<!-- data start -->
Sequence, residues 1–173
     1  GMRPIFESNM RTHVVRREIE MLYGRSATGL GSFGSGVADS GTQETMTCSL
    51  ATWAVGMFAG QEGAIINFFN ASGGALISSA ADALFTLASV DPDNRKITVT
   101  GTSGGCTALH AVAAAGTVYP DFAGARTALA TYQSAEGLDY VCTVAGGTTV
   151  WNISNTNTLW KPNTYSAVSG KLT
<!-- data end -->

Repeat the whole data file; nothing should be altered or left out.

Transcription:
Sequence, residues 1–173
     1  GMRPIFESNM RTHVVRREIE MLYGRSATGL GSFGSGVADS GTQETMTCSL
    51  ATWAVGMFAG QEGAIINFFN ASGGALISSA ADALFTLASV DPDNRKITVT
   101  GTSGGCTALH AVAAAGTVYP DFAGARTALA TYQSAEGLDY VCTVAGGTTV
   151  WNISNTNTLW KPNTYSAVSG KLT